Gamaliel Bradford

(9 October 1863 - 11 April 1932 / Boston, Massachusetts)

Biography of Gamaliel Bradford

Gamaliel Bradford poet

Gamaliel Bradford was an American biographer, critic, poet, and dramatist. Born in Boston, Massachusetts, the sixth of seven men called Gamaliel Bradford in unbroken succession, of whom the first, Gamaliel Bradford, was a great-grandson of Governor William Bradford of the Plymouth Colony.

Bradford attended Harvard University briefly with the class of 1886, then continued his education with a private tutor, but is said to have been educated "mainly by ill-health and a vagrant imagination. As an adult, Bradford lived in Wellesley, Massachusetts. The building and student newspaper for the Wellesley High School (where Sylvia Plath received her secondary school education) are named after Gamaliel Bradford.

In his day Bradford was regarded as the "Dean of American Biographers. He is acknowledged as the American pioneer of the psychographic form of written biographies, after the style developed by Lytton Strachey. Despite suffering poor health during most of his life, Bradford wrote 114 biographies over a period of 20 years.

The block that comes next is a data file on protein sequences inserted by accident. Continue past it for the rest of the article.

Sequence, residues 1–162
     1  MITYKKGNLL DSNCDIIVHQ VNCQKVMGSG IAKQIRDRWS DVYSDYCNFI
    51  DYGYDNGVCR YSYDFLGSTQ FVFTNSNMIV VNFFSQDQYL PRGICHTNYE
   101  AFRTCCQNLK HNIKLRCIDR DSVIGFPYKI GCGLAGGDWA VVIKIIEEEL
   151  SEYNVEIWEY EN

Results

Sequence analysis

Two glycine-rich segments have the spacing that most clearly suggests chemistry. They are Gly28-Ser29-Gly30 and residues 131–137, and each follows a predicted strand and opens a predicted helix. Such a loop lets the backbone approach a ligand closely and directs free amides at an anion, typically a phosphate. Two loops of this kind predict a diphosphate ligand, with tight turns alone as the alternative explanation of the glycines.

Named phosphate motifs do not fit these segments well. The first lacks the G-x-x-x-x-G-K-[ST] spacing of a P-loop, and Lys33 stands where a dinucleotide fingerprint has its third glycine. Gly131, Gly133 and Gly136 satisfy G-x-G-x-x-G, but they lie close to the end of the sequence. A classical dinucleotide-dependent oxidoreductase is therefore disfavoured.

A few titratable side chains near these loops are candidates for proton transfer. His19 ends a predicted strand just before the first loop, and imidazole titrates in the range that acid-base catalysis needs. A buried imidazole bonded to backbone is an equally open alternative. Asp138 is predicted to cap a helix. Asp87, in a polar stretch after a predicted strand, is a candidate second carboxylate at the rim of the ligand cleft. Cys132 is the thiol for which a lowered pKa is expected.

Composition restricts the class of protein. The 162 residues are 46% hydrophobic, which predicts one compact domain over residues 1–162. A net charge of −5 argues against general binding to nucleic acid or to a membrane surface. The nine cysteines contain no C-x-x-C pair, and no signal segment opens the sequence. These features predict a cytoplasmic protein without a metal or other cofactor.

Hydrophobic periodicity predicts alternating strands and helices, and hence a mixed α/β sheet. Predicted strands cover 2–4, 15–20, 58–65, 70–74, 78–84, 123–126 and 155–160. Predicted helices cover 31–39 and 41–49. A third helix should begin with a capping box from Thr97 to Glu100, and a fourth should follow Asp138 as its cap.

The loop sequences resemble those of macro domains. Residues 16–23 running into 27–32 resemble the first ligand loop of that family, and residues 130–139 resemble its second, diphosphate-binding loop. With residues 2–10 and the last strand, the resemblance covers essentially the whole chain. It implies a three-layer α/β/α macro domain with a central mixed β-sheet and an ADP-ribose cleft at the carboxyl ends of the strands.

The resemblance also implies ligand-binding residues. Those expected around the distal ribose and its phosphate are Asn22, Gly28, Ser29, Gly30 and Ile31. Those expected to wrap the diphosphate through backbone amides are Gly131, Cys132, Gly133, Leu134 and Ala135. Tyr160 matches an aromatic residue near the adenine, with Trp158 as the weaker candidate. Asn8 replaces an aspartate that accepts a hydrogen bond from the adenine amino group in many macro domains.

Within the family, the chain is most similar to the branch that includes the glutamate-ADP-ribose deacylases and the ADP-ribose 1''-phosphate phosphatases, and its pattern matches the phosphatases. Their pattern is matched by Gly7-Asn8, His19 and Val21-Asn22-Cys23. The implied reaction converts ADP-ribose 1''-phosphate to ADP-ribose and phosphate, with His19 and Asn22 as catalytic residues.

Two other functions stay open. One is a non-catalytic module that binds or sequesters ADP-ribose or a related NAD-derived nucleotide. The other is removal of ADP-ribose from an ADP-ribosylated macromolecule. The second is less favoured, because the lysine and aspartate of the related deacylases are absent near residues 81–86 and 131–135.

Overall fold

Gamaliel Bradford's Works:

A Pageant of Life (poetry)
A Prophet of Joy (poetry)
Shadow Verses (poetry)
Unmade in Heaven (drama)
Lee, the American
American Portraits, 1875-1900
Union Portraits
Confederate Portraits, 1914
Portraits of Women
Portraits of American Women
Saints and Sinners
A Naturalist of Souls: Studies in Psychography
Life and I (autobiography)
Elizabethan Women

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The Congregation

The ghost of night's long hours depart
In congregation dreary,
And leave my sorrow-trampled heart
Intolerably weary.

But Chirpings bright in dewy woods
Foretell divine tomorrows,
And little birds are very good
To dissipate great sorrows.

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